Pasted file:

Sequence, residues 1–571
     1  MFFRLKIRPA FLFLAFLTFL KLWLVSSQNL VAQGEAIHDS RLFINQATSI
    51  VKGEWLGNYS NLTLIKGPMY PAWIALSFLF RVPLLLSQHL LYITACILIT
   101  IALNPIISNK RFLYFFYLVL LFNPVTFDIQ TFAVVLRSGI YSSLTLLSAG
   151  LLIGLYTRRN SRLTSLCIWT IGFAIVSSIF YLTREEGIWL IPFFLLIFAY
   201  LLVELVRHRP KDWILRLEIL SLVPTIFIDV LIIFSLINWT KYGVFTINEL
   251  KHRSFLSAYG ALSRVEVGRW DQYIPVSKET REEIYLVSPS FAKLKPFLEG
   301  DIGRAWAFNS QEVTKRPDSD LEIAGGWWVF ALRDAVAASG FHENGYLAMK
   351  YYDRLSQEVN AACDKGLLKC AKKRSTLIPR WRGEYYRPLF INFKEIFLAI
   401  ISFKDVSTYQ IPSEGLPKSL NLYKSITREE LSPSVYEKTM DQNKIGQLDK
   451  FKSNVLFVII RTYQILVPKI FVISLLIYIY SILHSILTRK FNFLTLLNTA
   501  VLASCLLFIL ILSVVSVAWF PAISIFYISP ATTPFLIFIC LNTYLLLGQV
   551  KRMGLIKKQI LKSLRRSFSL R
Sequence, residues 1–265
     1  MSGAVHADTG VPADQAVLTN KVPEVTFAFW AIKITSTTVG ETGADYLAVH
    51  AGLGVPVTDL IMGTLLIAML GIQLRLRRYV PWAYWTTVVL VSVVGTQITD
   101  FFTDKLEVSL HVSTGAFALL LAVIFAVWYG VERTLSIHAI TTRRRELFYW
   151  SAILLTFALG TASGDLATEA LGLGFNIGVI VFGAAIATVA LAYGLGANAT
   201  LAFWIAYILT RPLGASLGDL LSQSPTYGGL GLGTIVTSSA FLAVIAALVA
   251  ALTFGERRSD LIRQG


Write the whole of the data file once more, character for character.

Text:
Sequence, residues 1–571
     1  MFFRLKIRPA FLFLAFLTFL KLWLVSSQNL VAQGEAIHDS RLFINQATSI
    51  VKGEWLGNYS NLTLIKGPMY PAWIALSFLF RVPLLLSQHL LYITACILIT
   101  IALNPIISNK RFLYFFYLVL LFNPVTFDIQ TFAVVLRSGI YSSLTLLSAG
   151  LLIGLYTRRN SRLTSLCIWT IGFAIVSSIF YLTREEGIWL IPFFLLIFAY
   201  LLVELVRHRP KDWILRLEIL SLVPTIFIDV LIIFSLINWT KYGVFTINEL
   251  KHRSFLSAYG ALSRVEVGRW DQYIPVSKET REEIYLVSPS FAKLKPFLEG
   301  DIGRAWAFNS QEVTKRPDSD LEIAGGWWVF ALRDAVAASG FHENGYLAMK
   351  YYDRLSQEVN AACDKGLLKC AKKRSTLIPR WRGEYYRPLF INFKEIFLAI
   401  ISFKDVSTYQ IPSEGLPKSL NLYKSITREE LSPSVYEKTM DQNKIGQLDK
   451  FKSNVLFVII RTYQILVPKI FVISLLIYIY SILHSILTRK FNFLTLLNTA
   501  VLASCLLFIL ILSVVSVAWF PAISIFYISP ATTPFLIFIC LNTYLLLGQV
   551  KRMGLIKKQI LKSLRRSFSL R
Sequence, residues 1–265
     1  MSGAVHADTG VPADQAVLTN KVPEVTFAFW AIKITSTTVG ETGADYLAVH
    51  AGLGVPVTDL IMGTLLIAML GIQLRLRRYV PWAYWTTVVL VSVVGTQITD
   101  FFTDKLEVSL HVSTGAFALL LAVIFAVWYG VERTLSIHAI TTRRRELFYW
   151  SAILLTFALG TASGDLATEA LGLGFNIGVI VFGAAIATVA LAYGLGANAT
   201  LAFWIAYILT RPLGASLGDL LSQSPTYGGL GLGTIVTSSA FLAVIAALVA
   251  ALTFGERRSD LIRQG